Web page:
New 2020-21 Scholars:

Daniel Dorman

Photo of Daniel DormanBiography

Daniel Dorman completed his B.S. in biomedical engineering from LeTourneau University in Longview, Texas, with a focus in biomechanics research. Subsequently, he worked as an Oak Ridge Institute for Science and Education (ORISE) fellow for the Injury Biomechanics Branch of the U.S. Army Aeromedical Research Laboratory, researching biomechanics and prevention of injury. He then completed his PhD in the Interdisciplinary Program in Neuroscience at George Mason University in the lab of Dr. Kim Blackwell, with a focus in computational neuroscience. Daniel’s research focused on synaptic integration, calcium dynamics, and plasticity in spiny projection neurons of the striatum through the application of data driven, biologically realistic computational modeling. His work investigated the mechanisms that support learning in individual neurons of the striatum, a brain region important for goal-directed and habit learning and implicated in neural disorders of substance abuse and addiction. He found that spatial and temporal synaptic input patterns to a single neuron are encoded by synaptic calcium signals and that inhibitory synaptic inputs enhance synapse specificity of calcium signals. He collaborated with experimentalists to investigate intrinsic differences between neurons from two anatomical regions of the striatum known as patch and matrix compartments. Lastly, he implemented a biophysical calcium-based plasticity rule in biologically-detailed neuron models to predict how in vivo-like activity affects plasticity. His results predict that spatiotemporal synaptic input patterns determine the magnitude and direction of synaptic plasticity with in vivo-like activity, and that plasticity is robust to in vivo-like trial-to-trial variability.

Faculty Mentors

Research:
Sridevi Sarma, PhD
Institute for Computational Medicine, Department of Biomedical Engineering

Contact

dbdorman@gmail.com


Nzinga Mack

Photo of Nzinga Mack

Biography

Nzinga Mack is a teacher, scientist and nature lover who was born and raised in Harlem, NY and graduated from Howard University with her Bachelor of Science in Biology and earned her PhD in  Pharmacology from Florida A & M University. At FAMU her research focused on metabolism in triple negative breast cancer and colon cancer. Nzinga is honored to be a recipient of the highly competitive NIH Institutional Research and Academic Career Development Postdoctoral Award at Johns Hopkins University. Nzinga’s mission is to attack health disparities by continuing to research health disparities, and by training upcoming scientists in the field of health disparities. When Nzinga is not working, she can be found gardening, raising butterflies, and enjoying nature. Nzinga’s doctoral research focused on the Warburg effect, the propensity for many types of cancer cells to preferentially utilize glycolysis over oxidative phosporylation as a source of energy. The research explored the metabolic effects of lactate dehydrogenase knockdown in triple negative breast cancer and colon cancer with regards to lactic acid production, ATP production, glucose consumption, and differentially expressed genes.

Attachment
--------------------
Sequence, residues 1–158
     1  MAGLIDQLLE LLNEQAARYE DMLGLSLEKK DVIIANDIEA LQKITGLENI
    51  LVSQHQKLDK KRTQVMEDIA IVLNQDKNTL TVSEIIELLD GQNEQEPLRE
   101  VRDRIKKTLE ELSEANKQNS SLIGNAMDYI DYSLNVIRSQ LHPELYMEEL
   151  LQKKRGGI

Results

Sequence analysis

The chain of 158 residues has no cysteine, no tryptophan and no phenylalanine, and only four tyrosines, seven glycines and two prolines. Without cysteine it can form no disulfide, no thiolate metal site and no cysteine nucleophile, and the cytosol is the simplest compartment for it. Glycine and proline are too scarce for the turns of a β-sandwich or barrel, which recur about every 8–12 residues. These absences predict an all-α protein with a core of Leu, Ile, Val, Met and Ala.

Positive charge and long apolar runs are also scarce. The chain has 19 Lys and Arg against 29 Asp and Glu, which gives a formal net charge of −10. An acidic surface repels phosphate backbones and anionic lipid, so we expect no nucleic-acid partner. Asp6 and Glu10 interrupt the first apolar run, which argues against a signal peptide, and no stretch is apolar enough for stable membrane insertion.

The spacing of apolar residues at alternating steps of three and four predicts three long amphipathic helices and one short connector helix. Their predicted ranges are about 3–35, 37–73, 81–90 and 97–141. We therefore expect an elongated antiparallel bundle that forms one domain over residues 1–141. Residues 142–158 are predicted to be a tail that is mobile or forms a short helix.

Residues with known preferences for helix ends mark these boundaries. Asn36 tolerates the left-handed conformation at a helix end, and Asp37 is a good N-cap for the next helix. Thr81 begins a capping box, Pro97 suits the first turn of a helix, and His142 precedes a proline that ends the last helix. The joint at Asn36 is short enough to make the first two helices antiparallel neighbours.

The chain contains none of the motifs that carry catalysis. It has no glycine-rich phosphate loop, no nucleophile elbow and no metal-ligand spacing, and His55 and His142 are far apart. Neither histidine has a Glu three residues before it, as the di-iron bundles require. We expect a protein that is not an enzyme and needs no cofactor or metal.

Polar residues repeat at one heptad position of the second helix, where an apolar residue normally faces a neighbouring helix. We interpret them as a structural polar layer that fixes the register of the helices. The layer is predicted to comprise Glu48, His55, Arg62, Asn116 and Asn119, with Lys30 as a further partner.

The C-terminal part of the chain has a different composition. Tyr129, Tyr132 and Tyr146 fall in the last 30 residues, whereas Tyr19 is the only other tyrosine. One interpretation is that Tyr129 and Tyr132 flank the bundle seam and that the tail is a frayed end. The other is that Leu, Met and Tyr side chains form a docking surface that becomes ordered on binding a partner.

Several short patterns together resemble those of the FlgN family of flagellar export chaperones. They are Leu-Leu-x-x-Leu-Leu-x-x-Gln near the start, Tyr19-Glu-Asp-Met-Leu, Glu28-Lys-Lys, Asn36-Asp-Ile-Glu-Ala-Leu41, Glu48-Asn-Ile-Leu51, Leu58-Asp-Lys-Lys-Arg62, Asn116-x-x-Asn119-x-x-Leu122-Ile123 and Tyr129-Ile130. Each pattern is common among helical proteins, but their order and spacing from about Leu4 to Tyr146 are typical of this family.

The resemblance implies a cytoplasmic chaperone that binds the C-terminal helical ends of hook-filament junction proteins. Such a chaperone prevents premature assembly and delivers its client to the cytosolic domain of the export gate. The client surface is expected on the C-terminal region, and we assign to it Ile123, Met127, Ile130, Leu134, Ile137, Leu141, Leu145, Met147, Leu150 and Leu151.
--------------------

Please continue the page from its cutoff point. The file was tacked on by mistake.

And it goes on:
Faculty Mentors

Research:
Jamie Spangler, PhD
Biomedical Engineering and Chemical & Biomolecular Engineering

Feilim Mac Gabhann, PhD
Institute for Computational Medicine, Department of Biomedical Engineering

Contact

nzinga.mack@jhu.edu


Rebecca Keener

Biography

Dr. Rebecca Keener’s graduate work with Dr. Carol Greider has given her a foundation in molecular biology and genetics research. She will be combining her experience in genetics with computational approaches to study human genome variation as an ASPIRE fellow at Johns Hopkins University. Deciphering the consequence of variation is essential for understanding both fundamental biology and disease. Keener’s post-doctoral work with Dr. Alexis Battle and Dr. Rasika Mathias will give her the computational skills to address these questions and bring an interdisciplinary approach to her future lab.

During her graduate work, she sought out many different teaching experiences: She was a teaching assistant, a mentor to both graduate and undergraduate students in the lab, and a graduate of the Johns Hopkins Preparing Future Faculty Teaching Academy. In addition, she designed and taught a course for non-majors, Science in Hollywood, which was a Pass/Fail, winter semester course with 27 students. As part of a team, Keener created and implemented the EVOLVE platform which is an innovative online platform for delivering course content to prepare students for an active learning environment. EVOLVE was implemented in a graduate level genetics course for two years ago and it is still engaging students today.

Faculty Mentor

Research:
Alexis Battle, PhD
Department of Biomedical Engineering
Clinical:
Rasika Mathias, ScD
Department of Medicine

Contact

rkeener@jhmi.edu


Elissa Leonard

Biography

Dr. Elissa Leonard attended Harvey Mudd College, where she received her B.S. in Biomolecular Systems and Design, and developed novel bioreactor designs for corneal tissue engineering with Dr. Elizabeth Orwin. She earned her Ph.D. at the University of Texas at Austin, where her research focus shifted to engineering therapeutically relevant autoimmune T cell receptors under the supervision of Dr. Jennifer Maynard. Currently, Dr. Leonard is a Postdoctoral Fellow at Johns Hopkins University, where she has continued research in protein and immune engineering with Dr. Jamie Spangler. Currently, her work focuses on engineering antibody-cytokine fusion proteins that can shift the immune balance and promote anti-tumor or pathogen-clearing immune activity. She is also revisiting her regenerative engineering roots by engineering of growth hormones for applications in osteogenesis.

Faculty Mentors

Research:
Jamie Spangler, PhD
Department of Biomedical Engineering
Clinical: